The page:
13. Molecular epidemiology of Escherichia coli producing extended-spectrum beta-lactamases isolated in Rome, Italy.

    PubMed

    Carattoli, Alessandra; García-Fernández, Aurora; Varesi, Paola; Fortini, Daniela; Gerardi, Serena; Penni, Adriano; Mancini, Carlo; Giordano, Alessandra

    2008-01-01

    Escherichia coli strains producing extended-spectrum beta-lactamases (ESBLs) are a major problem in many different hospitals worldwide, causing outbreaks as well as sporadic infections. The prevalence of Escherichia coli ESBL producers was analyzed in a surveillance study performed on the population attending the Policlinico Umberto I, the largest university hospital in Rome, Italy. We also investigated genotypes, pathogenicity islands, and plasmids in the ESBL-positive E. coli isolates as further markers that are useful in describing the epidemiology of the infections. In this survey, 163 nonreplicate isolates of Escherichia coli were isolated from patients from 86 different wards, and 28 were confirmed as ESBL producers. A high prevalence (26/28) of CTX-M-15 producers was observed within the bacterial population circulating in this hospital, and the dissemination of this genetic trait was associated with the spread of related strains; however, these do not have the characteristics of a single epidemic clone spreading. The dissemination was also linked to horizontal transfer among the prevalent E. coli genotypes of multireplicon plasmids showing FIA, FIB, and FII replicons in various combinations, which are well adapted to the E. coli species. The analysis of related bacteria suggests a probable interpatient transmission occurring in several wards, causing small outbreaks. PMID:17959756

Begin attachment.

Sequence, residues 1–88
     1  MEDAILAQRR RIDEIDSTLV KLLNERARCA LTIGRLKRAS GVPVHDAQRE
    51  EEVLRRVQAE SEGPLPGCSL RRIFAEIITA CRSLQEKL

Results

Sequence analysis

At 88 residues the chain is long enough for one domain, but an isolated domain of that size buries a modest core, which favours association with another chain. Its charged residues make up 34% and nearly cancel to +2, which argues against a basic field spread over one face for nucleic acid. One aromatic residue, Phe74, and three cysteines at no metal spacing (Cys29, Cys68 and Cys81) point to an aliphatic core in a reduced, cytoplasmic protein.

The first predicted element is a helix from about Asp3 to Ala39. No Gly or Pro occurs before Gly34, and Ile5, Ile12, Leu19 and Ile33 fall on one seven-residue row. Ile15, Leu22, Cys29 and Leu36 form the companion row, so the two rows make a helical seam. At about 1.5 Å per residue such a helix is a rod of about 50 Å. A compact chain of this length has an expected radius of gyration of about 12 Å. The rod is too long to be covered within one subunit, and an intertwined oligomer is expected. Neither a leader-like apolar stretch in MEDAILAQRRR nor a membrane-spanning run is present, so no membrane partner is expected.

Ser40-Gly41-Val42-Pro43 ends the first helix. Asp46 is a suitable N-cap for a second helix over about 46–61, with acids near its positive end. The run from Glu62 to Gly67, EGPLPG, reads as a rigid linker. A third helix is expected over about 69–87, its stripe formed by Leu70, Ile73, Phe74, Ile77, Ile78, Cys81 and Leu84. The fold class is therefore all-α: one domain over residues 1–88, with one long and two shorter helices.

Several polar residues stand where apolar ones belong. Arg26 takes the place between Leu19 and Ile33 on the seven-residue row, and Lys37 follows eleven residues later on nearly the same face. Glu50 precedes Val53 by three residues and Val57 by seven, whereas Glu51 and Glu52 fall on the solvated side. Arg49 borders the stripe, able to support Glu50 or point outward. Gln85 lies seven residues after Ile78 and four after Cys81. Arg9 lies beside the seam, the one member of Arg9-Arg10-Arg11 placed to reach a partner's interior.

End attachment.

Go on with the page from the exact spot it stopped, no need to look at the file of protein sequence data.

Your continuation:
14. Antitoxin use and pediatric intensive care for viper bites in Rome, Italy.

    PubMed

    Marano, M; Pisani, M; Stoppa, F; Di Nardo, M; Pirozzi, N; Luca, E; Pulitanò, S; Conti, G; Marzano, L; De Luca, D; Valentini, P; Pietrini, D; Piastra, M

    2014-01-01

    In Italy viper bites represent an uncommon event, though envenomation can cause severe complications, more in children than adults, because of dose/body size ratio. We present a case series within a selected population: 10 Italian cases (from Rome surroundings) of viperbites requiring PICU admission, over a 5-year interval. Five children showed a systemic involvement, whereas the remaining patients showed a damage. All were managed and closely monitored in an ICU setting. Relevant clinical findings and therapeutic approach, ICU course and complications have been recorded. Age range was 3-15 years with mean age of 6,9 (SD±4,58) years; 2 patients needed respiratory support beyond oxygen supplementation. Most patients underwent fluid loading, while hemodynamic support was given to4/10. Median PICU stay was 60 hours (IQR=24.0-75.5). No mortality was reported. Indications and precautions for administration of antivenom in the last years have been reviewed: early treatment seems to reduce mortality/morbidity, though representing a threat for children. Current recommendations for the treatment of viper envenomation have been described, based on a literature's review and the application of these knowledges to clinical reality of our PICUs. Therefore, paediatric patients with systemic or rapidly evolving symptoms should be monitored carefully for the development of bite-related complications in an ICU setting mostly in younger children. PMID:24610614

  15. Saharan Dust and Associations between Particulate Matter and Daily Mortality in Rome, Italy